Predicate Adjectives

Linguistics 322

Intermediate Syntax

Predicate adjectives form the basic lexical information of a clause. Consider the following sentences:

(1)     John is happy.

(2)      Mary is tall.

Happy is the main lexical predicate here. It takes one argument: an experiencer--John. Tall takes one argument: a theme: Mary.

Some predicate adjectives take two arguments:

(3)     John is fond of chocolate.

(4)      Sally was pleased with her gift.

Fond takes an experiencer (John) and a theme (chocolate). Both of these arguments are required in the syntax:

(5)     *John is fond.

Pleased takes the same two arguments, but the theme is optional:

(6)      Sally was pleased.

Predicate adjectives in matrix clauses must be modified for tense (1)-(6):

(7)     *John be fond.

The argument structure for (1) is:


In the first pass to the lexicon HAPPY is designated an adjective (A):


Adjectives cannot function as hosts for tense in English and in most if not all Indo-European languages. Since there is no host for tense, Tense cannot lower. By Last Resort, a dummy (auxiliary) verb must be inserted to function as host for Tense.The morpheme {BE} is inserted and adjoined to the left of Tense:


The noun JOHN needs Case. It raises and is adjoined to TP. The features of the subject are copied to the first verb, the auxiliary verb. In the second pass to the lexicon, {BE}+[-Past, -Pers, -Pl] i spelled out as is.:


Stative adjectives are not marked for the aspectual progressive/non-progressive contrast:

(12)      *John is being tall.

(13)      *Mary is being fond of red roses.

(14)      *Kyle is being pleased (with himself).

However, if the adjective is one such that the subject may have control over the adjective (usually an emotion), the progressive may be used; the progressive denotes the control here:

(15)     Jason is stupid.

(16)     Jason is being stupid today.

(16) implies that Jason is not necessary stupid, but that he is acting stupid today. In (15) Jason is an experiencer, assuming that stupidity is something one can experiencer. In (16) Jason is an agent. He has control of the situation.

The tasks that confronts us here is to determine the operator that underlies the progressive form in (16). It cannot be [+Prog], since it underlies the progressive aspect, not behaviour implied by (16). Let us suppose that the operator and its binary feature is ACT[±Intentional]. The operator is immediately dominated by Act-Proposition:


In the first pass through the lexicon, [TENSE[-Past]] is spelled out as weak T. Although [ACT[+Int]] subcategorizes A, A cannot function as a host for ACT. There is no known host for ACT. It is marked as bound, as it needs a host, as we shall see below:


Note that neither T nor Ac can lower since there is no appropriate host. The noun containing JASON raises and is adjoined to TP for Case. Then agreement applies. In the second or last pass through the lexicon, {BE} is inserted and adjoined both to T and to Ac. {BE} plus [-Past, -Pers, -Pl] is spelled out as is. [+Int] is spelled out as '-ing', and {BE} as 'be-':


There is no voice contrast in predicate adjectives. If the function of the active voice is to raise the prominent argument to the external (subject) position, then the only argument is the prominent one, and it is raised. If there are two arguments, the experiencer tends to be the prominent one, those the theme may be in some adjectives:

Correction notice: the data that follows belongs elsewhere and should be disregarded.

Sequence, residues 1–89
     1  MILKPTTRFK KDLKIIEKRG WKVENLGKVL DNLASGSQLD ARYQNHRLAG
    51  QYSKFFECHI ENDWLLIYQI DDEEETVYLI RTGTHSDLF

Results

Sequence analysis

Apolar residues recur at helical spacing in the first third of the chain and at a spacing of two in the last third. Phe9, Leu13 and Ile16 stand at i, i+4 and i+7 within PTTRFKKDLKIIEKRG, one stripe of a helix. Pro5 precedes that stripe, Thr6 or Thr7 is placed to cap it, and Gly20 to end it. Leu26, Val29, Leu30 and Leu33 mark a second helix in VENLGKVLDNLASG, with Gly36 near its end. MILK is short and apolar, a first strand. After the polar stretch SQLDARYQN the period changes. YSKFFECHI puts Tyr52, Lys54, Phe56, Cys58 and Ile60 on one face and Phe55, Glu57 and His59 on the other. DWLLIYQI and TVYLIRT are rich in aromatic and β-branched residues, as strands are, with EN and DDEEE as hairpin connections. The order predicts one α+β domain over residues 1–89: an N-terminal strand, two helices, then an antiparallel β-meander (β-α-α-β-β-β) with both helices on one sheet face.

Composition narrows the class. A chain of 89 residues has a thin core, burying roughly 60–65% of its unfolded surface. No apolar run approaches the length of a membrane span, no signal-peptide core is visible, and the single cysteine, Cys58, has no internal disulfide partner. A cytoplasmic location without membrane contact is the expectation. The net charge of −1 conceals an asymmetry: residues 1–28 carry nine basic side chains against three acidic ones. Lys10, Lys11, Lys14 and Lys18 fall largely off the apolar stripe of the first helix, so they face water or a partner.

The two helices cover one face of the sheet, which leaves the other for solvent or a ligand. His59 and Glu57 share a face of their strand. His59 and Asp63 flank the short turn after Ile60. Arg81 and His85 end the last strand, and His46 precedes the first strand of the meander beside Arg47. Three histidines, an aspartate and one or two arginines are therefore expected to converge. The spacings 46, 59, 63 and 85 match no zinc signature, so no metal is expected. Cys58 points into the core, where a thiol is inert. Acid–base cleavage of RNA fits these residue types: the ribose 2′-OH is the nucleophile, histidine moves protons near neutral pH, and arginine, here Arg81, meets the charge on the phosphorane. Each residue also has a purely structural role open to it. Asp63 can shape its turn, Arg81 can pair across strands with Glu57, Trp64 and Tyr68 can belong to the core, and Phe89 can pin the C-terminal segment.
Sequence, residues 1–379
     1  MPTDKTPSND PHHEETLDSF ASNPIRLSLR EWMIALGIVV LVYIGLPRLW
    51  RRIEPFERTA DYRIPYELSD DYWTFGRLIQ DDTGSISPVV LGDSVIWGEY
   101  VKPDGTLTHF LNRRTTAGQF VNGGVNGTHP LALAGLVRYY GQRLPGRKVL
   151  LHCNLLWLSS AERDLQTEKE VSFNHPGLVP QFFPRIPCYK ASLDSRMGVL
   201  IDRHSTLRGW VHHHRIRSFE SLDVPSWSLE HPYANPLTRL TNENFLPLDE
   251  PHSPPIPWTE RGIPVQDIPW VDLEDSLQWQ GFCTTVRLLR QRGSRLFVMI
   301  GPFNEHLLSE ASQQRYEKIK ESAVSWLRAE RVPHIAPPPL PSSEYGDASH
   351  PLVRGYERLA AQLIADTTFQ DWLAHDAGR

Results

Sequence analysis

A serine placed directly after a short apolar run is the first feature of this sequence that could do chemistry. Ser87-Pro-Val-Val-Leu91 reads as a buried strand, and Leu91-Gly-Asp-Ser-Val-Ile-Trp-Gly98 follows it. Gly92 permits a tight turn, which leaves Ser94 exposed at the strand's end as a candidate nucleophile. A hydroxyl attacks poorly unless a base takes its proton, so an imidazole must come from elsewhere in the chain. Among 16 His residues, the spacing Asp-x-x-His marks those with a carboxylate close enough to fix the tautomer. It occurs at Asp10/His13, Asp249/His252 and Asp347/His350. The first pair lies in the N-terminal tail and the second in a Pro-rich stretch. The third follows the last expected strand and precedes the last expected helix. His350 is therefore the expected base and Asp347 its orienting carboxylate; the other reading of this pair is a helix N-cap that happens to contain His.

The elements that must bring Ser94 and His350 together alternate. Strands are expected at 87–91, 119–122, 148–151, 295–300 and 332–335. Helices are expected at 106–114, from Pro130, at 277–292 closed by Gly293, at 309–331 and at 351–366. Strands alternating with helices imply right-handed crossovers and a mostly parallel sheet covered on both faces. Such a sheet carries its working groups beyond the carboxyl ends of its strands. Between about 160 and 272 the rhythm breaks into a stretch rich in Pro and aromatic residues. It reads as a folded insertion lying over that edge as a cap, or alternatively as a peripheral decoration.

(20)     Betty is fond of jewelry.

(21)     Jewelry is pleasing to Betty.

In both sentences Betty is the experiencer, and jewelry is the theme. There is no way that the theme may be raised to the external position in (13):

(22)     *Jewelry is fond by Betty.

(23)     *Jewelry is been fond by Betty.

Similarly, there is no way the experiencer can raise to the subject position in (16):

(24).     *Betty is pleasing (to, of, by) jewelry.

We could assume that voice is not a grammatical category (operator) in the system of predicate adjectives. However, suppose we assume that voice is a grammatical category, but that predicate adjectives can only P-target the external argument (subject). Then the operator for verbs and adjectives would be the same set, and only the targeting would differ. In this way we need generate one set of operators for verbs and adjectives, which share the Chomskyan feature [+V], where verb = [+Verb, -Noun] and adjective = [+Verb] and [+Noun]. A similar thing would hold for predicate prepositions, except most would have negative value operators except for tense which would be [±Past] and relevance [±Perf]:

(25)      The book is on the table.

(26)      The book has been on the table.

(27)      The book was on the table.

(28)      The book had been on the table.

Predicate adjectives may be marked for relevance. In the first set of sentences the present tense is the point of relevance:

(29)     John's been tall for several years.

(30)     Mary has been fond of jewelry since she was a child.

(31)     Those actions have been pleasing to Betty for some time.

The same may also be marked in the past tense, when it is the point of relevance:

(32)     John had been tall for a few years when he began to grow again.

(33)     Mary had been fond of jewelry for years when she grew tired of it.

(34)     Those actions had been pleasing to Betty when she was a young woman.

It appears that the binary opposition of relevance holds for all predicate adjectives. If this is the case, as assume here, then relevance must occur in every adjectival construction. The logical form (8) must now be replaced with one marking relevance:


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